Like the excuses that prevent even minimal generosity to beggars, the one that enables shop-a-holics to continue buying $2 t-shirts focuses on a small part of the system and simplifies it. When well-educated adults are asked how they can morally justify publically boasting that their sequined jacket cost them just $15 dollars they use the well practiced argument of “at least it provides employment”. This is true if you stick to the most basic definition of the word ‘employment’. In the same way that people read a story about a rich kid turned drug addict, who has ended up as a beggar, and use this single anecdote to feed their dissociation and make personally advantageous assumptions about how all beggars are really just wasters by choice, people presume that employment is good, full stop. Strangely, we somehow forget to pause and think about the great difference between fair employment and exploitative employment. We forget to consider that if buying a top for $2 creates exploitative employment then buying the same shirt but for twice the amount (a mere $4) could create non-exploitative employment and that this would change lives in developing countries.
This does not apply to everyone. There is a small minority of people, especially middle and upper class Europeans, who try their best only to buy fair trade clothes and food. And the Oxfam’s NikeWatch campaign did manage convince consumers to boycott Nike, and in turn, Nike changed their production practices.
However, research to date shows that increased information concerning exploitative labor practices does little to influence consumer choices. Carrigan et al (2001) concluded from their semi-famous research project “The myth of the ethical consumer – do ethics matter in purchase behavior?” that despite a boost in pro-ethics journalism, ethical consumers still comprise a small minority, and that most consumers continue to consider brand image as more important than ethical behavior.
Not surprisingly, there are some issues that stand out to the consumer over others. Auger and colleagues (2003) found that when buying a sports shoe the issue of child labor was considered more important than guarantees of a minimum wage salary, provision of safe working conditions, and the existence of acceptable living standards. However, rather shockingly, overriding all the above in importance was the fit of the shoe.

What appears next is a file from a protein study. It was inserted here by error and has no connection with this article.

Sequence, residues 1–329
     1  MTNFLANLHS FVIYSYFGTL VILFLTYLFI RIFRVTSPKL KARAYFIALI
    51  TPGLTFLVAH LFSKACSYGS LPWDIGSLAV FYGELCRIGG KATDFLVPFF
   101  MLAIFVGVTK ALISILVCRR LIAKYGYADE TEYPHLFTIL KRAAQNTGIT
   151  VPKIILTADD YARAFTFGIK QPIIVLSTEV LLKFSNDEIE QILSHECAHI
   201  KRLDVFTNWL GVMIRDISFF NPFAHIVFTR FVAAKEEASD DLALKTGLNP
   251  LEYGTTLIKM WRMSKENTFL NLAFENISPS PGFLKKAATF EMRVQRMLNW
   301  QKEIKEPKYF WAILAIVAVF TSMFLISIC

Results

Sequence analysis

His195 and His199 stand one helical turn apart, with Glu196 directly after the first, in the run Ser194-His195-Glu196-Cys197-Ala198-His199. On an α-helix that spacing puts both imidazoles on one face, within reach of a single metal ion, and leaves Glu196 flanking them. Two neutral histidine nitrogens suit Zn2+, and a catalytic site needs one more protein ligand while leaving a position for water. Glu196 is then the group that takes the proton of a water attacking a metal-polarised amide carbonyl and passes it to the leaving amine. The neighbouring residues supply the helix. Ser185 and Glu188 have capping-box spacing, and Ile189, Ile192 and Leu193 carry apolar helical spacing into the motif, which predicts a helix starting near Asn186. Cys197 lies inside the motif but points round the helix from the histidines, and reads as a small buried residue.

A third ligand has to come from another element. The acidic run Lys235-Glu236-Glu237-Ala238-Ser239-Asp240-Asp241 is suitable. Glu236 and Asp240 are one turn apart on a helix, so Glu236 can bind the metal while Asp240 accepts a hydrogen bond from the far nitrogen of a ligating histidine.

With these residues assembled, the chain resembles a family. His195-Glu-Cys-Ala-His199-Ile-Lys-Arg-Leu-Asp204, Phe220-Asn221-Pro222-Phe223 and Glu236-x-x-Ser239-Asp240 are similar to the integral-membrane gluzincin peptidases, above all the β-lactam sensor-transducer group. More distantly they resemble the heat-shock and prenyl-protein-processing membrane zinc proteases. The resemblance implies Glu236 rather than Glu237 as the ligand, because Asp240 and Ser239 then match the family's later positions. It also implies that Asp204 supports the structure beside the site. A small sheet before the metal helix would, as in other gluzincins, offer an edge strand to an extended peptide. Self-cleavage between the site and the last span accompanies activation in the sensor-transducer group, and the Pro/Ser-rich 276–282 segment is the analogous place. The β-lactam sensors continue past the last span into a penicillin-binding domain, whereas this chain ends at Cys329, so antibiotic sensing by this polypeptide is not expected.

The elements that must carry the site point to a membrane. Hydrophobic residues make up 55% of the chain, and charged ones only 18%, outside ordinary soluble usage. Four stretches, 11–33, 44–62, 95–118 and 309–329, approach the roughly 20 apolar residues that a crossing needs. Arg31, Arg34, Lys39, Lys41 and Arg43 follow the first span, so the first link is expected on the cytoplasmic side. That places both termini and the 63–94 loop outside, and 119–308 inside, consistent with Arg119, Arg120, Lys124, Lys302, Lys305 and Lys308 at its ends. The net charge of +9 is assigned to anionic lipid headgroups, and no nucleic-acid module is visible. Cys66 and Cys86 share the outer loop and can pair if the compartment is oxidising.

Even the relatively successful anti-Nike labor exploitation information that once dominated the media only “provoke[d] some minimal anger and frustration”, which in the end was ”not enough to change consumers’ behaviors” in the long run.
All these studies show a dissociation between our actions and the plight of others. A dissociation which transforms our normally sympathetic natures into unsympathetic ones. They demonstrate that consumers are not really fussed about exploitation in the same way that pedestrians are not really fussed about the existence of extreme poverty.
Such psychological dissociation is a great limitation to human development. If only our hard hearts could be softened and these emotional psychological barriers could be lifted, redistribution would become the norm and extreme poverty would probably disappear by the end of the decade. However, human psychology is strong. Awareness raising is ineffective but it most definitely is not effective enough to make ethical thinking the custom, which in the eyes of many leaves it up to policy makers to make the moral choice the easy choice.
What are your experiences on day-to-day dissociation and do you have any ideas about how to overcome it?
Mieke Dale-Harris is working as an intern at the Institute of Advanced Development Studies (INESAD), La Paz, Bolivia. She is a psychology graduate from Goldsmiths University of London.